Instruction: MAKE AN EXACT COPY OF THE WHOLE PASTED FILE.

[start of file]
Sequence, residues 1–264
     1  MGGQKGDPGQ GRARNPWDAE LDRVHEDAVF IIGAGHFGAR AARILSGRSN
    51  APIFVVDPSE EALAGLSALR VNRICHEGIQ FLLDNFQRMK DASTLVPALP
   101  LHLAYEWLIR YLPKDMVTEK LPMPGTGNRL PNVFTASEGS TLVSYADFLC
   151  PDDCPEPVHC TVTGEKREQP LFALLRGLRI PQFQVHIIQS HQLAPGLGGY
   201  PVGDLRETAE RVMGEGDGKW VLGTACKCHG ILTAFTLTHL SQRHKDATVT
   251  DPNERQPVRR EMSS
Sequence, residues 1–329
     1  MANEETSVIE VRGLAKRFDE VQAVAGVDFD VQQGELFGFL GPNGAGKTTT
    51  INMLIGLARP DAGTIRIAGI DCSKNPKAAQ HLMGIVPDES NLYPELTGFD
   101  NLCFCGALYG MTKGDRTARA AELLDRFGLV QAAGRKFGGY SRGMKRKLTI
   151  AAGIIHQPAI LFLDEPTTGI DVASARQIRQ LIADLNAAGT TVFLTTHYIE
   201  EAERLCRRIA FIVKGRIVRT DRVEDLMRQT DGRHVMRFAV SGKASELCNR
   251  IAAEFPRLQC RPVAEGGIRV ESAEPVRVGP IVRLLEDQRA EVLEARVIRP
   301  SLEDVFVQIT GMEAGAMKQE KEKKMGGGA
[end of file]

Sequence, residues 1–264
     1  MGGQKGDPGQ GRARNPWDAE LDRVHEDAVF IIGAGHFGAR AARILSGRSN
    51  APIFVVDPSE EALAGLSALR VNRICHEGIQ FLLDNFQRMK DASTLVPALP
   101  LHLAYEWLIR YLPKDMVTEK LPMPGTGNRL PNVFTASEGS TLVSYADFLC
   151  PDDCPEPVHC TVTGEKREQP LFALLRGLRI PQFQVHIIQS HQLAPGLGGY
   201  PVGDLRETAE RVMGEGDGKW VLGTACKCHG ILTAFTLTHL SQRHKDATVT
   251  DPNERQPVRR EMSS
Sequence, residues 1–329
     1  MANEETSVIE VRGLAKRFDE VQAVAGVDFD VQQGELFGFL GPNGAGKTTT
    51  INMLIGLARP DAGTIRIAGI DCSKNPKAAQ HLMGIVPDES NLYPELTGFD
   101  NLCFCGALYG MTKGDRTARA AELLDRFGLV QAAGRKFGGY SRGMKRKLTI
   151  AAGIIHQPAI LFLDEPTTGI DVASARQIRQ LIADLNAAGT TVFLTTHYIE
   201  EAERLCRRIA FIVKGRIVRT DRVEDLMRQT DGRHVMRFAV SGKASELCNR
   251  IAAEFPRLQC RPVAEGGIRV ESAEPVRVGP IVRLLEDQRA EVLEARVIRP
   301  SLEDVFVQIT GMEAGAMKQE KEKKMGGGA